September 19, 2011 / 2:19 PM / 7 years ago

Big bank surcharge not anti-American: watchdog

FRANKFURT (Reuters) - A proposed capital surcharge for big banks is not anti-American and will help reduce the risk of big bank failures, a top European regulator said on Monday.

Thomas Huertas, alternate chairperson of the EU’s powerful watchdog, the European Banking Authority, said the planned 1 to 2.5 percent bank capital surcharge on banks’ risk-weighted assets would help reduce the probability that any large bank — known as a Systemically Important Financial Institution (SIFI) — would fail.

Earlier this month, JP Morgan Chase (JPM.N) Chief Executive Jamie Dimon said the United States should consider pulling out of the Basel group of global regulators, which is drafting the new banking rules, known as Basel III. Dimon had called the rules ‘anti-American.

“The SIFI-surcharge is not anti-American, it is anti-big financial institutions,” Huertas told a financial conference.

“These institutions represent a concentration risk to the taxpayers of the world and society,” Huertas said.

“As Lehman demonstrated, the failure of one of these institutions can have very adverse effects on markets and the overall economy.”

Huertas said there was a strong case for approving the SIFI surcharge as proposed.

Basel banking regulators are due to agree the surcharge at the end of this month, with final approval by the G20 group of developed and emerging nations expected in November. The surcharge is not due to become fully effective before the end of 2018.

“I think there is a substantial basis for the agreement,” Huertas said.

The list of SIFIs is expected to include 28 globally active banks, which will be subject not only to the surcharge but also additional scrutiny by financial regulators. Banks will migrate on and off the list over time as their systemic importance changes.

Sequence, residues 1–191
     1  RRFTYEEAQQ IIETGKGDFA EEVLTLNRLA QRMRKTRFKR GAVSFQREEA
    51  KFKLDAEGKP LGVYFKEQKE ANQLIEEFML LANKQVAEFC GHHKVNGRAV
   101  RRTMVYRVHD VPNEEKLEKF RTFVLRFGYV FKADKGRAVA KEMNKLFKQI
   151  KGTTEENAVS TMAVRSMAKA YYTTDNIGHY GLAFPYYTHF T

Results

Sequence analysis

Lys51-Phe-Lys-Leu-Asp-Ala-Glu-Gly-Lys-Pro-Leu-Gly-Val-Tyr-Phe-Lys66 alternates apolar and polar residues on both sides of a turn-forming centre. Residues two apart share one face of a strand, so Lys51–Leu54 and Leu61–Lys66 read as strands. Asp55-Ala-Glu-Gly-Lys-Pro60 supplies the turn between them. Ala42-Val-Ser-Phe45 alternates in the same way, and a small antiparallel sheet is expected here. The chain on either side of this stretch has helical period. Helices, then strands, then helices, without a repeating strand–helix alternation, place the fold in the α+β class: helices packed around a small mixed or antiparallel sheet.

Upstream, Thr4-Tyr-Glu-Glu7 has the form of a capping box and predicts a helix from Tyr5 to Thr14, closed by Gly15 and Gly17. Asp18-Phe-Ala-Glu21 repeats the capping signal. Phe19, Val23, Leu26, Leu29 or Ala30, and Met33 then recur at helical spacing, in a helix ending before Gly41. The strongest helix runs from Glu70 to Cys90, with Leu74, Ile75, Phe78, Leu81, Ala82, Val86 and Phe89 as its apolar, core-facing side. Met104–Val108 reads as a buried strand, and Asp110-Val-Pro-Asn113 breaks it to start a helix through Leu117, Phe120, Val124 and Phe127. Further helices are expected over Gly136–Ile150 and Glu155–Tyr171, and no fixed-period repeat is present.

In Germany, Deutsche Bank (DBKGn.DE) and possibly Commerzbank (CBKG.DE) are expected to be on the list.

Huertas added that he fully expected the United States to implement the Basel III package.

The new rules will force banks to develop new business models to satisfy customers, creditors and regulators, as well as shareholders, he said.

“If banks want to live in the market, they have to be able to die in the market,” Huertas said.

“How does that circle get squared? Certainly not by the continuation of the belief that banks can earn a return on equity in excess of 20 percent while remaining a AA+ rated company,” said Huertas, who is also a member of the Executive Committee of the UK’s Financial Services Authority.

Basel III probably would accelerate the trend for companies to bypass banks and go directly to financial markets for financing, a trend that was already well advanced in the United States, Huertas said.

Speaking at the same conference, the chief economist of bank lobby the Institute of International Finance warned that the wave of banking reforms risked crimping lending activity as developed world economies struggle with the aftermath of the financial crisis.

“The reforms will have a material impact, holding down the expansion. It’s the wrong time to be doing them,” Philip Suttle told the conference, calculating that the rules could knock a cumulative 3 percent off global GDP growth by 2015.

“I worry that the reforms being promulgated won’t produce the stability effects hoped for,” he added.

Reporting by Jonathan Gould. Editing by Jane Merriman

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